ERIC Number: ED049988
Record Type: RIE
Publication Date: 1970
Reference Count: 0
The Use of a Criterion-Based Performance Test in Revising a Social Studies Curriculum.
Tenenberg, Morton S.
This study, part of a larger effort to assess the effects of the Anthropology Curriculum Study Project course, "Patterns in Human History", was designed to assess the learning dynamics involved in a short lesson sequence from Part I on the concept of social position. Random structured samples of 82 project and 82 control students were selected. The research strategy employed was derived from Gagne's theoretical model of learning in which the attainment of any complex intellectual task depends upon the prior learning of a number of simpler tasks, and involved the following steps: 1) the terminal objective of the sequence was analyzed to identify an hypothesized hierarchy of simpler underlying tasks; 2) the Status Identification Test was constructed which contained one test item for each of the seven most complex underlying tasks, and two items representing the terminal objective of the sequence; 3) post-performance for each task was compared separately for a sample of project and control students; 4) the mean number of social positions identified was compared between samples; and, 5) performance configurations between samples were compared. The absence of significant performance differences on the two measures of the terminal objective indicated that the lesson sequence was unsuccessful. Differences were detected, however, on several of the underlying tasks and recommendations were made from analyses of these differences. (JLB)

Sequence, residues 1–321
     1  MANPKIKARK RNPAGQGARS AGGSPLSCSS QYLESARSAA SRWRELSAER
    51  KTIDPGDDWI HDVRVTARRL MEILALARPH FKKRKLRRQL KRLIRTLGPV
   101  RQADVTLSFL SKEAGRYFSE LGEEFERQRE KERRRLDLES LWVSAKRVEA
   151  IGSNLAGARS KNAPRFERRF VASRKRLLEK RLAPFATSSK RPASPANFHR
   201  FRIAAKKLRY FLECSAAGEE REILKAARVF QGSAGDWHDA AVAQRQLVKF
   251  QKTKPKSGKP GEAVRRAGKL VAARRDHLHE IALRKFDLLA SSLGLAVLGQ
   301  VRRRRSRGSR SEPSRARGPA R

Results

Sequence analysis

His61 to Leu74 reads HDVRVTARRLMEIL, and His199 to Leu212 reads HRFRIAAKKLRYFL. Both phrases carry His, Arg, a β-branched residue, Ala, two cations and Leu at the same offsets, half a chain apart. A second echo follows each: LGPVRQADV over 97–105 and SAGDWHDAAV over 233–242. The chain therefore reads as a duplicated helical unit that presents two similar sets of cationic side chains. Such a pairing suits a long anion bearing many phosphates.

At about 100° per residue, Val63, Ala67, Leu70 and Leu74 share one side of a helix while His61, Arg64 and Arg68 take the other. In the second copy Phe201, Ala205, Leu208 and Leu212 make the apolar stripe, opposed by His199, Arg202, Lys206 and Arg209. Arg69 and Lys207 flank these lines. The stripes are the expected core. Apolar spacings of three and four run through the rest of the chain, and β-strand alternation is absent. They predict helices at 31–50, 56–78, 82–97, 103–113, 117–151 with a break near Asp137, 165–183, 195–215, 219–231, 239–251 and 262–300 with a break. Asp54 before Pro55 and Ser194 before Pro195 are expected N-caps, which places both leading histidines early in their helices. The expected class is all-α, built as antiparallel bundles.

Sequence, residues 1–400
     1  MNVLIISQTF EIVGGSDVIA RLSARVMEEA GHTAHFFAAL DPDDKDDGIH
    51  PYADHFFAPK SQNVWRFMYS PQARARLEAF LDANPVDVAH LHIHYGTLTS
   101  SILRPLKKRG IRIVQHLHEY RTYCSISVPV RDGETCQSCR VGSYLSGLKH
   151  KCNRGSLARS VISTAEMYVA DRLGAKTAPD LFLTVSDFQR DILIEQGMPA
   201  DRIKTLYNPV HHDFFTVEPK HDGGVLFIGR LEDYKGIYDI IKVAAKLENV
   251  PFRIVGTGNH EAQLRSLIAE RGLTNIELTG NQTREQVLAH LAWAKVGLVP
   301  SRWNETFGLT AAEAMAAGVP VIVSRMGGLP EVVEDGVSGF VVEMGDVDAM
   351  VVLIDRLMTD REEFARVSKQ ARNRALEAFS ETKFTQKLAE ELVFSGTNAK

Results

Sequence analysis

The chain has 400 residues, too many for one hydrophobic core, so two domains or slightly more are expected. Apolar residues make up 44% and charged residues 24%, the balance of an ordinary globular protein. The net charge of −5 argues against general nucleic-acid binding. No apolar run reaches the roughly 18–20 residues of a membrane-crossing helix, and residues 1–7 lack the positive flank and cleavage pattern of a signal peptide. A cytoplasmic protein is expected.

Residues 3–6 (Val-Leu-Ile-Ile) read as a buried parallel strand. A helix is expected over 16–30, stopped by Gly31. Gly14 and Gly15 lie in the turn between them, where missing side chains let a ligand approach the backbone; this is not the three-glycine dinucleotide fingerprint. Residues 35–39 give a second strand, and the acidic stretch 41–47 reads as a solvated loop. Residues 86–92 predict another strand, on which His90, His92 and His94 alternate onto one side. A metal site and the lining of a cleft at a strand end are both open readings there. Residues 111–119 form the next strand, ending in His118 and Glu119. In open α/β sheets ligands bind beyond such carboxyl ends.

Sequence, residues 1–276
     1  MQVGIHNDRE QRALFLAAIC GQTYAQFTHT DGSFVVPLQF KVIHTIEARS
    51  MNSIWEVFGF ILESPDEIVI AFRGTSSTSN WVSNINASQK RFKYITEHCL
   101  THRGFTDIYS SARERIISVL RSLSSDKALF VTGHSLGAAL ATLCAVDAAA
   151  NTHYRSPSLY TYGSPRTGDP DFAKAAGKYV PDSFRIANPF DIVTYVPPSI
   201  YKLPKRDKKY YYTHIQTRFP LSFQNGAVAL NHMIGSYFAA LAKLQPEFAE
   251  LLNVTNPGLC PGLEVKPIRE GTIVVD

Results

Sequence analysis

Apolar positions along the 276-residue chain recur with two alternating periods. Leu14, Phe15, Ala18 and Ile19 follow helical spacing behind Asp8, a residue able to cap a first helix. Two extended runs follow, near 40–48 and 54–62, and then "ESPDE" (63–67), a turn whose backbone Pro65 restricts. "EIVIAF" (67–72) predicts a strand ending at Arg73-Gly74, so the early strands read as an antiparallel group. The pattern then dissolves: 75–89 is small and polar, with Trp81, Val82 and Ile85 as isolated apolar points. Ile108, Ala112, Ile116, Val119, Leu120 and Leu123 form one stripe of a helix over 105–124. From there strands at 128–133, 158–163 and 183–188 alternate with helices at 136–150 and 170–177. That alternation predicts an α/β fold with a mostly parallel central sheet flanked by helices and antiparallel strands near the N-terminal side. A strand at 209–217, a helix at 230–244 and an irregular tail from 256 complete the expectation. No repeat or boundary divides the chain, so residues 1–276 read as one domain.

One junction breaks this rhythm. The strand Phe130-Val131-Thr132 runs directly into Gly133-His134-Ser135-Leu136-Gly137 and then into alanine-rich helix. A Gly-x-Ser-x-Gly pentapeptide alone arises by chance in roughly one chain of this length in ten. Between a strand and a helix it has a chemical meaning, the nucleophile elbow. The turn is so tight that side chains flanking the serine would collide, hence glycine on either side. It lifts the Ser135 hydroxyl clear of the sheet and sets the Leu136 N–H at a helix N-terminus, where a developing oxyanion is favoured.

Descriptors: Anthropology, Cognitive Objectives, Criterion Referenced Tests, Curriculum Evaluation, Curriculum Research, Evaluation Criteria, Evaluation Methods, Grade 10, Learning Processes, Performance Criteria, Performance Tests, Research Methodology, Secondary Education, Sequential Learning, Social Studies
Publication Type: N/A
Education Level: N/A
Authoring Institution: N/A
Identifiers: Anthropology Curriculum Study Project; Patterns in Human History
Note: Paper presented at the Annual Convention, American Educational Research Association, Minneapolis, Minnesota, 1970